By Eleni P. Austin

                “Is she really going out with him? Is she really going to take him home tonight/Is she really going out with him, ‘cause if my eyes don’t deceive me, there’s something going wrong around here.”

                Forty years ago, that song announced the arrival of Joe Jackson with a measure of snarl, sincerity and incredulity. Punk Rock hadn’t managed to invade Top 40, but New Wave (a shinier, happier alternative) had begun making some inroads with artists like Blondie, the Police and Joe leading the pack.

                David Ian Jackson was born Burton upon Trent Staffordshire, England in 1954. A musical kid, he played violin by age 11, before persuading his parents to buy a piano. He was writing his own music by the time he was a teen and received a scholarship to London’s Royal Academy of Music. After studying musical composition for three years, he graduated and began playing in a band.

                Initially known as Edward Bear, the band morphed into Edwin Bear and finally, Arms And Legs. It was around this time that he earned a nickname that stuck, thanks to his passing-resemblance to the puppet character, Joe Piano. Pretty soon though, he struck out on his own, recording a set of demos that got him signed to the A&M label.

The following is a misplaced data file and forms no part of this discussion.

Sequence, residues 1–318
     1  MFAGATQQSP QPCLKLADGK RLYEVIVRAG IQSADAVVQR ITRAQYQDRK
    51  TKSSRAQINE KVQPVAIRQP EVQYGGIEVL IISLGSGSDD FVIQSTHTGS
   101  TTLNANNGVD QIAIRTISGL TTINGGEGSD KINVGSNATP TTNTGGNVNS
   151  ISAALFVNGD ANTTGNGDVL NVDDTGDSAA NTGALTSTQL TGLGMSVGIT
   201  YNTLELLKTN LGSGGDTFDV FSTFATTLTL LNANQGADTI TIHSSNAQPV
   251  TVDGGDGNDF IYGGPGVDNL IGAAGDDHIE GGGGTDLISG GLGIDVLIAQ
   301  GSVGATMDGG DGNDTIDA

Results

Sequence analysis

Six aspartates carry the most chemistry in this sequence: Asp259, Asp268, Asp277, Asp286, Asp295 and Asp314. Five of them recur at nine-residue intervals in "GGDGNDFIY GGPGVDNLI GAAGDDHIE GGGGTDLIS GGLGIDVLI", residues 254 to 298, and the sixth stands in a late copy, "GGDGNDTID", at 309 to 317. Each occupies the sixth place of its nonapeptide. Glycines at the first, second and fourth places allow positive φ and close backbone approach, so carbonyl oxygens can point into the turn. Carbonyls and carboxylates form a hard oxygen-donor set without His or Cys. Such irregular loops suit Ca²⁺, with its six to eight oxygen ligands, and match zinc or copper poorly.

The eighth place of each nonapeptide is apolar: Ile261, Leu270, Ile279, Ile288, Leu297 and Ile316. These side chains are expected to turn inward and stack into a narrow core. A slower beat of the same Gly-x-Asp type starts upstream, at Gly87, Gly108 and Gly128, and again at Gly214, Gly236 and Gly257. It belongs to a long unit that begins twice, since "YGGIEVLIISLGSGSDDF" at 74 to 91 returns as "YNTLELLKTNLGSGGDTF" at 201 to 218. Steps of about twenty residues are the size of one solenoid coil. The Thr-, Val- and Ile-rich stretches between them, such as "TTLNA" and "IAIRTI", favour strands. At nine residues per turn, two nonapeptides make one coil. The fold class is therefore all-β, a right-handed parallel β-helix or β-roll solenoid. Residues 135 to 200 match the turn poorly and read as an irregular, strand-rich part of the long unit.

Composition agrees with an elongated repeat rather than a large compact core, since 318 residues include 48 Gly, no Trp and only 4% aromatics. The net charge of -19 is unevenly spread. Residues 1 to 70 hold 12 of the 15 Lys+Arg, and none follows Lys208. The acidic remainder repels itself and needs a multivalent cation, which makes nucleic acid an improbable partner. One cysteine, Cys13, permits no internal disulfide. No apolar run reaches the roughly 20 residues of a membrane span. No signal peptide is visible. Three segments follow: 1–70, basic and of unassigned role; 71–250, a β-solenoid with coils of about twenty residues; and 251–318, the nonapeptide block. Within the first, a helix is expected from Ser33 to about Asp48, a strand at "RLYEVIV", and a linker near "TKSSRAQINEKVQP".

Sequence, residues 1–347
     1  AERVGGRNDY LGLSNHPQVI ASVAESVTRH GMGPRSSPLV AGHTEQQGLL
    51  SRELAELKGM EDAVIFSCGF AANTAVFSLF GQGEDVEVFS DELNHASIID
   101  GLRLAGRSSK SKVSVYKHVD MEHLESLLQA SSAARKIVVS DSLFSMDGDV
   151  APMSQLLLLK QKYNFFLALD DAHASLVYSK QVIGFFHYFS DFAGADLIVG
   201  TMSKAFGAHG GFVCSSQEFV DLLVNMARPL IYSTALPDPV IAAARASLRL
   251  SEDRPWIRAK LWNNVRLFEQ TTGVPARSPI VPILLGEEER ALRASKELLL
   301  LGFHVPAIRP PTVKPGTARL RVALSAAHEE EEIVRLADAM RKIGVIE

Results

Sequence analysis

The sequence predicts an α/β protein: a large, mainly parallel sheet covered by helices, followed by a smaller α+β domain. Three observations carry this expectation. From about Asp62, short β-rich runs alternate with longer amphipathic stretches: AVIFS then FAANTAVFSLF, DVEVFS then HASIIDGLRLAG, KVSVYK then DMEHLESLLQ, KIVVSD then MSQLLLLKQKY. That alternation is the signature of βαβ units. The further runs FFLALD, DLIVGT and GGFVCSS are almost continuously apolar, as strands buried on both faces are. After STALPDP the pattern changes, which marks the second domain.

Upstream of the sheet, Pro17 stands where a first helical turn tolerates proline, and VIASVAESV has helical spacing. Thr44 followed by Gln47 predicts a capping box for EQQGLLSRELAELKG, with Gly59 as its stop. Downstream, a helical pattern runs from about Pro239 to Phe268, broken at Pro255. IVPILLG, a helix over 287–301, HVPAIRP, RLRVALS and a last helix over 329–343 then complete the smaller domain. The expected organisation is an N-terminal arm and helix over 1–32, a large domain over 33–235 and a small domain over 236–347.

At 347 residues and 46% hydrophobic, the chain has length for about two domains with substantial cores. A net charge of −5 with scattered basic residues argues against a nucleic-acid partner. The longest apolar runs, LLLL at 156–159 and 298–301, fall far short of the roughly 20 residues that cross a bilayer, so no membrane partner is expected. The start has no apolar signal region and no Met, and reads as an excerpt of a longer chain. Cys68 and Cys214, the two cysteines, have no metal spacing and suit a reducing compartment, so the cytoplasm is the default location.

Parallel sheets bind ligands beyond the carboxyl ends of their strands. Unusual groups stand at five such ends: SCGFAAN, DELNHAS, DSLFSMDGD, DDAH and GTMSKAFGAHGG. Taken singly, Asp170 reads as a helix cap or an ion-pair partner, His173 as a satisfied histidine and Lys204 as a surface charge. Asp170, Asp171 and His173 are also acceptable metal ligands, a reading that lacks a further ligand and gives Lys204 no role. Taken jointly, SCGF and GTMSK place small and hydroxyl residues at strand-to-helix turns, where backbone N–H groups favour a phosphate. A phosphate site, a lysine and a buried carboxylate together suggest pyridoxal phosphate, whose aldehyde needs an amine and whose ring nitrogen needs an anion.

His debut, Look Sharp, arrived in April 1979 and featured a crackling collection of songs that displayed his caustic wit, sparkling musicianship and barbed songcraft. It quickly earned comparisons to antecedents like Graham Parker and Elvis Costello, and all three labelled the “Angry Young Men” of Punk. Look Sharp did surprisingly well in America, hitting the Top 20. Less than six months later Joe released a follow-up, I’m The Man, which felt as sagacious and succinct as his debut.

                From then on it seemed like Joe Jackson made it his mission to demonstrate a musical dexterity and sophistication that eluded his peers, (save, maybe Elvis Costello). 1980’s Beat Crazy, credited to the Joe Jackson Band, deftly explored Reggae and Ska. A year later Jumpin’ Jive displayed an affinity for ‘40s and ‘50s Jump Blues and Big Band hits best exemplified by Louis Jordan and Cab Calloway. Way ahead of its time, it pre-dated the (wildly irritating) Neo-Swing craze of the late ‘90s by nearly 20 years.

                Joe hit pay dirt with his fifth effort, 1982’s Night & Day. The album was inspired by his recent move to New York City and the music reflected the city’s melting pot culture. Here, he successfully tackled  Latin-Jazz, Soulful ballads, stylish and sardonic Pop songs. It was a bona fide hit, reaching #5 on both sides of the Pond. It also earned him two Grammy nominations. Rather than take a victory lap, he dove head first into scoring his first film, an obscure Debra Winger thriller entitled “Mike’s Murder.” It netted him another Grammy nomination, this time for Best Pop Instrumental.

                His next record, 1984’s Body and Soul was a deeper dive into Jazz, (even the cover emulated Sonny Rollins “Vol. 2” album). It featured a couple of minor hits, “You Can’t Get What You Want (Till You Know What You Want)” and “Be My Number Two.” (Less scatological then you’d think). Exhausted from relentless touring, he took a couple of years off and returned with Big World, a three-sided live record featuring brand new music but no applause. Joe insisted the audiences remain mute.